Report: Joe Kelly “is clearly on thin ice” with the Red Sox

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This winter Joe Kelly joked (or at least it seemed like a joke) that he was going to win the Cy Young award for the Red Sox this season, but now he might be headed back to the minors at age 27.

Kelly failed to make it out of the second inning Monday against the Twins, allowing seven runs while recording five outs, and he’s now 1-4 with a 6.24 ERA in nine starts this season.

Sean McAdam of CSNNE.com reports that the Red Sox are thinking about demoting Kelly to Triple-A, with Eduardo Rodriguez likely tabbed as his replacement. According to McAdam “he’s clearly on thin ice” and Kelly may only have one more start to keep his job.

Kelly, who was acquired from the Cardinals last July as part of the Allen Craig/John Lackey trade, has a 3.78 ERA in 376 career innings despite being unable to turn his mid-90s fastball into a good strikeout rate.

Ex-Angels employee charged in overdose death of Tyler Skaggs

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FORT WORTH, Texas — A former Angels employee has been charged with conspiracy to distribute fentanyl in connection with last year’s overdose death of Angels pitcher Tyler Skaggs, prosecutors in Texas announced Friday.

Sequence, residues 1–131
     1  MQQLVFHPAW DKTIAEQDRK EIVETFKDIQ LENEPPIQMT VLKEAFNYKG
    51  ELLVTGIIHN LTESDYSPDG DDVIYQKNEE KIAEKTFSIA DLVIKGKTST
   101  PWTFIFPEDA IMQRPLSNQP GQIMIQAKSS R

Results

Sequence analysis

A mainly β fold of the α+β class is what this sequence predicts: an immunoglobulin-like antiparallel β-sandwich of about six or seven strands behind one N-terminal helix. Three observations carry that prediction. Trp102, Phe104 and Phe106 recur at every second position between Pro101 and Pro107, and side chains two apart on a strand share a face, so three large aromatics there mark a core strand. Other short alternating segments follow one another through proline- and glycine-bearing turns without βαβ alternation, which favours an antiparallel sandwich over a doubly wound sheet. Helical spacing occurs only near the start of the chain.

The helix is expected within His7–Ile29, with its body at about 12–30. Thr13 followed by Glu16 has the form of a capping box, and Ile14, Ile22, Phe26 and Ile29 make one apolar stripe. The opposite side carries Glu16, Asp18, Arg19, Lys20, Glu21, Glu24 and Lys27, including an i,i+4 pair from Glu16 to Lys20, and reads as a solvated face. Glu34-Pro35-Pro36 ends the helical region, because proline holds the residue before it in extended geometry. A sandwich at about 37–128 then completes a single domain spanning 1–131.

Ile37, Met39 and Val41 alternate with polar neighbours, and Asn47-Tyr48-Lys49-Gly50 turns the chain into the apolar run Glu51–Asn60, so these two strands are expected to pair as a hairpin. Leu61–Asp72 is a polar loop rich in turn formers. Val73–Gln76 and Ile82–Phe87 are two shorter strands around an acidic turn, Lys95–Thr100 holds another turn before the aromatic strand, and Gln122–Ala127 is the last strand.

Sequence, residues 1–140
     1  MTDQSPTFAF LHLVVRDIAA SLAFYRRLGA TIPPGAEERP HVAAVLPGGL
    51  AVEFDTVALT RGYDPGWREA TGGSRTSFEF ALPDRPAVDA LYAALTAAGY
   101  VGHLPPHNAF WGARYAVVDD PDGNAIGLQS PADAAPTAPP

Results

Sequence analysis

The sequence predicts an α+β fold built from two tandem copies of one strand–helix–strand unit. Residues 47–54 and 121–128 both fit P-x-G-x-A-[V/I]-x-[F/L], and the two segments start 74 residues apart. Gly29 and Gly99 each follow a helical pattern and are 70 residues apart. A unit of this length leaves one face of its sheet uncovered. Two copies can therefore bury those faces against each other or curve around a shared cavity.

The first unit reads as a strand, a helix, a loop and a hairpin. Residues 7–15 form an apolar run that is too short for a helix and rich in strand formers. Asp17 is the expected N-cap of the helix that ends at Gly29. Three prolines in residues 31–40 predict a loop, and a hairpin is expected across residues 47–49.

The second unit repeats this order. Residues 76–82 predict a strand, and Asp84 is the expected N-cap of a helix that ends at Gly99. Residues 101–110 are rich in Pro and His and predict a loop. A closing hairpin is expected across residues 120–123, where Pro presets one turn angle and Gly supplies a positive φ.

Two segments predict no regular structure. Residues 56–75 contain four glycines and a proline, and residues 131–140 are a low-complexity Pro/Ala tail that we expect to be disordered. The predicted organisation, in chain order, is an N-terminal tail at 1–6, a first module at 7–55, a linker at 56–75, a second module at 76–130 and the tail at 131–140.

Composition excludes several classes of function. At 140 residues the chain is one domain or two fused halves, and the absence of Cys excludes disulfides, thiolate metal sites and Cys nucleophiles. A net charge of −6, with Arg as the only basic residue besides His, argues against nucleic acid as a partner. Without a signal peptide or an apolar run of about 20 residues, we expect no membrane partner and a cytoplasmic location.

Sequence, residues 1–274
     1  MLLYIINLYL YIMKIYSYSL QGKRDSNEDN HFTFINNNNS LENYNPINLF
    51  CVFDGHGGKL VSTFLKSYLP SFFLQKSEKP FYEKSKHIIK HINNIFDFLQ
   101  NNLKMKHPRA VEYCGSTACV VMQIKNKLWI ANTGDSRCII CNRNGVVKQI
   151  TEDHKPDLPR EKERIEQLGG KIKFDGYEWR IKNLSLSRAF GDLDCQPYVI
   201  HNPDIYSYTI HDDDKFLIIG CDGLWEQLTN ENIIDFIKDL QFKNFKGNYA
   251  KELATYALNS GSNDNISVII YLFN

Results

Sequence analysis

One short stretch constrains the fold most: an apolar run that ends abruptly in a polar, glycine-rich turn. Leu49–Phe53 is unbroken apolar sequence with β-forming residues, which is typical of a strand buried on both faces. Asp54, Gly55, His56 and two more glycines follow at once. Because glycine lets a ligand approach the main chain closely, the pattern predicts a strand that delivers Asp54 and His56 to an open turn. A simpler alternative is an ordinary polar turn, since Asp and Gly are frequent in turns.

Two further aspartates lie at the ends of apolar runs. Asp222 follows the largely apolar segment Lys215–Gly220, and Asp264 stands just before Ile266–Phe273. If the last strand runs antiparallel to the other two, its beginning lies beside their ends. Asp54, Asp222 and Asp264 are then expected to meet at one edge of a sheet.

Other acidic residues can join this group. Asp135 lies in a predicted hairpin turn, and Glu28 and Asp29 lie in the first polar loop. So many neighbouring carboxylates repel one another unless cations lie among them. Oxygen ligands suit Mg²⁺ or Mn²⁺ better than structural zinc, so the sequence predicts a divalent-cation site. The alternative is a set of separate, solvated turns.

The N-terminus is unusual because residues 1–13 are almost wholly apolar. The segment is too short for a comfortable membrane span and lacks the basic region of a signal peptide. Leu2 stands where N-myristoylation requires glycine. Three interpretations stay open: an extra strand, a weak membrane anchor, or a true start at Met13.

Eric Prescott Kay was arrested in Fort Worth, Texas, and made his first appearance Friday in federal court, according to Erin Nealy Cox, the U.S. Attorney for the Northern District of Texas. Kay was communications director for the Angels.

Skaggs was found dead in his hotel room in the Dallas area July 1, 2019, before the start of what was supposed to be a four-game series against the Texas Rangers. The first game was postponed before the teams played the final three games.

Skaggs died after choking on his vomit with a toxic mix of alcohol and the powerful painkillers fentanyl and oxycodone in his system, a coroner’s report said. Prosecutors accused Kay of providing the fentanyl to Skaggs and others, who were not named.

“Tyler Skaggs’s overdose – coming, as it did, in the midst of an ascendant baseball career – should be a wake-up call: No one is immune from this deadly drug, whether sold as a powder or hidden inside an innocuous-looking tablet,” Nealy Cox said.

If convicted, Kay faces up to 20 years in prison. Federal court records do not list an attorney representing him, and an attorney who previously spoke on his behalf did not immediately return a message seeking comment.